The US and Russia started producing titanium sponge for their military activities. Japan’s case is another story, after World War II Japan began its industrialization policy and it focused on steel and other metal materials. The US, Russia and Japan had different reasons when they started producing titanium sponge, but nowadays they are competing for the same reasons - general industrial applications. As regards our company’s strength we developed our own production process through trial and error which we have done over the past years. In our technical department we are not only dealing with manufacturing technology but also testing and analysis technology. The way we apply stringent quality control in our company allows us to produce high-quality titanium sponge that are approved for use in the most critical jet engine applications. We have had to face technical hurdles such as reducing electrical power cost, but we were able to overcome them. Titanium sponge production requires a huge amount of electricity and the unit price of electricity here in Japan is around two or three times higher than that in the US. We developed our own electrolysis cell plant and our workers have accumulated the necessary skills for us to remain competitive. One of the challenges that we see is the difficulty to automate some of our production processes, however, we believe that AI, IoT, and Big Data are going to be our weapon to overcome these challenges.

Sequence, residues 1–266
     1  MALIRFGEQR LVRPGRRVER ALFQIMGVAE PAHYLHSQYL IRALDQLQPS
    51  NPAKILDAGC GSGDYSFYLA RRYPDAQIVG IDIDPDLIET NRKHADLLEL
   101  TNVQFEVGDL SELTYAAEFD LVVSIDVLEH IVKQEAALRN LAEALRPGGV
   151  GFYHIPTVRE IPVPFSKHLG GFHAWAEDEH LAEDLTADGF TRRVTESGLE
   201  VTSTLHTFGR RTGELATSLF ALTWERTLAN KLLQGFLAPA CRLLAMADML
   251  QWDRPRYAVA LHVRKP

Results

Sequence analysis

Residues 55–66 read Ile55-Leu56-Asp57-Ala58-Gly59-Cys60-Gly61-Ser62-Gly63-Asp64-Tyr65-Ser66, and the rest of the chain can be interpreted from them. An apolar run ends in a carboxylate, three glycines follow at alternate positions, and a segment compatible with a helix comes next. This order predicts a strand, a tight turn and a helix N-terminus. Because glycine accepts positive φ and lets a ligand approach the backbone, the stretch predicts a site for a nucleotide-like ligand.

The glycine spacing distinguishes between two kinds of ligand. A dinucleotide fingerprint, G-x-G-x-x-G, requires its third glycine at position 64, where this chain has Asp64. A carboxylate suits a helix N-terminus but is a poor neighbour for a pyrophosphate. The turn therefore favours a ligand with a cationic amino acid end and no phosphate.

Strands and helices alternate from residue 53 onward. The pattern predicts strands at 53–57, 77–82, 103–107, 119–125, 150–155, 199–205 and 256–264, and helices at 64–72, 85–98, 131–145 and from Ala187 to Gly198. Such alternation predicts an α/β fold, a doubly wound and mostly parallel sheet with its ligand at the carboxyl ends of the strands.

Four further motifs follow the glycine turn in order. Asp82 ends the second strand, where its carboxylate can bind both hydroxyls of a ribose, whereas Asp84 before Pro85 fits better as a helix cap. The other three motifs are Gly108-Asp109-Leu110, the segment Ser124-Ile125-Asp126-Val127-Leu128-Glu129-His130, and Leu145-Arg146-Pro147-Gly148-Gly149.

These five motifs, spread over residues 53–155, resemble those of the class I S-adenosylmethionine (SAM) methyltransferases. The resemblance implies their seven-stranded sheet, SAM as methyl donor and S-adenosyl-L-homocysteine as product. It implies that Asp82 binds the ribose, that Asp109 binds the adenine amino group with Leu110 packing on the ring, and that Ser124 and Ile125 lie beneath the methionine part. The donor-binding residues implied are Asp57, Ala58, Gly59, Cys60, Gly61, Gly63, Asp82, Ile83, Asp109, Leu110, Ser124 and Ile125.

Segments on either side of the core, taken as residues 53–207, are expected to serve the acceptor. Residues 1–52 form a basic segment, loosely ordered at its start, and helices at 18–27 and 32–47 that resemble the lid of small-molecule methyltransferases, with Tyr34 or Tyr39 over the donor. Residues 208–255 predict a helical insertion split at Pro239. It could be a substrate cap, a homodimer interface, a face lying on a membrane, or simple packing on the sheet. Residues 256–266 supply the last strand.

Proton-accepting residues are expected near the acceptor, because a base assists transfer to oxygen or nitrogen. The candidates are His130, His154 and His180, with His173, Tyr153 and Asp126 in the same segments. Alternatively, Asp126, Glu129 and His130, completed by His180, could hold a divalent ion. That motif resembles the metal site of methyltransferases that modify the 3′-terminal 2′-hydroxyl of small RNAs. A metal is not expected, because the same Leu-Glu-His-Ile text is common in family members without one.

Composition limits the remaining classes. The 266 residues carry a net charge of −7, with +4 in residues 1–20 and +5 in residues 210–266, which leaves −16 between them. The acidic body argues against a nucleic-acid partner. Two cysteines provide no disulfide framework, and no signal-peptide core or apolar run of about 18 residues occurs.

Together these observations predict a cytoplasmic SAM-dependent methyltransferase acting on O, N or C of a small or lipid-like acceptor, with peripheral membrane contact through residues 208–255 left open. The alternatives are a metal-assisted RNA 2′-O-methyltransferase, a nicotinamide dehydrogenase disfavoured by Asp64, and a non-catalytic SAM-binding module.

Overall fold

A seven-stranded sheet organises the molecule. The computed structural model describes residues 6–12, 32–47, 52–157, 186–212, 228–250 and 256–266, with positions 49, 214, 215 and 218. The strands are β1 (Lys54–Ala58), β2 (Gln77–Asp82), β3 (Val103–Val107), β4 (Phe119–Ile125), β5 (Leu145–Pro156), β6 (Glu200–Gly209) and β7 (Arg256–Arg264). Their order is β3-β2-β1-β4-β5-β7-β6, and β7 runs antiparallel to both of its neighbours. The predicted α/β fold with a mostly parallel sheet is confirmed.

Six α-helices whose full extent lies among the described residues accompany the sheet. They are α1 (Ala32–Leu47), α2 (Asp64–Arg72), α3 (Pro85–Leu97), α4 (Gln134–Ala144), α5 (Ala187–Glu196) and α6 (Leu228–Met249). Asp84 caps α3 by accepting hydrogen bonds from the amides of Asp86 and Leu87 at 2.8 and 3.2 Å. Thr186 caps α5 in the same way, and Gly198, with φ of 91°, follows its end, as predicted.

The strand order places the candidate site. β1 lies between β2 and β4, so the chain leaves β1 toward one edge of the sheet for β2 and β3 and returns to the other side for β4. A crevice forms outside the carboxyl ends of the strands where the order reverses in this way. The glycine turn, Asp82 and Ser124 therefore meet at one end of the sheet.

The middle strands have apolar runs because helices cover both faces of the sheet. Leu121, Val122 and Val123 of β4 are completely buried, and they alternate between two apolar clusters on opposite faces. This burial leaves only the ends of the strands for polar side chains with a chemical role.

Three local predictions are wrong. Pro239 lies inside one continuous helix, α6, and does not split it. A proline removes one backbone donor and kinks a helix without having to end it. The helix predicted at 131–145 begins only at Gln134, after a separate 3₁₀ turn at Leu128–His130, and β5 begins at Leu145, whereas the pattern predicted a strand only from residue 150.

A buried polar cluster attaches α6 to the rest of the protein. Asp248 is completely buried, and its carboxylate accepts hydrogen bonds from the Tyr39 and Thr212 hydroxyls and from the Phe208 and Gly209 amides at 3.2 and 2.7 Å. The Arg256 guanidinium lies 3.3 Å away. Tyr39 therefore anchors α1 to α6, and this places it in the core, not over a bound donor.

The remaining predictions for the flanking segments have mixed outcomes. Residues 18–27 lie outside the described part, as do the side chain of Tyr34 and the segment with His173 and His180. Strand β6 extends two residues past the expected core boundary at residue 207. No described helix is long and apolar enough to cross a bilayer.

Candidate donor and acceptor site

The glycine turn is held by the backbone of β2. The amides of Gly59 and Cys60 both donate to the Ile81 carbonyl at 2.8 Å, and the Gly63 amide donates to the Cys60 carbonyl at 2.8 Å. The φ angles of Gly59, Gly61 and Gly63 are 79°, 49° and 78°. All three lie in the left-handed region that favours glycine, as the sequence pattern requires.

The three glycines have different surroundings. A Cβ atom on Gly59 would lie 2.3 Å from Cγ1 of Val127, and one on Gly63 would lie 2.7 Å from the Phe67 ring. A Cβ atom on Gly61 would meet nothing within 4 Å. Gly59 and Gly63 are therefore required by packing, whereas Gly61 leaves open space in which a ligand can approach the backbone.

The number of applications of titanium has increased, for example, we now see that it is more widely used in aircraft because it is lightweight. Lighter materials such as titanium have contributed to the weight reduction of aircraft, in fact, the titanium ratio in recent wide-body models is increasing and represents over 10% of total materials used in aircrafts by weight, when compared to many conventional models where titanium is used less than 5%. How are these changes affecting your business and how are you able to meet the needs of the aerospace industry?
The usage of titanium increases as the usage of CFRP increases for the aerospace industry, the primary reason is the heat expansion ratio of titanium is similar to CFRP’s. However, there will always be changes and for that reason we have to continue to look for more areas of applications, one example is in the Toyota Mirai which is a fuel cell vehicle. Titanium is used for the separator in fuel cell batteries.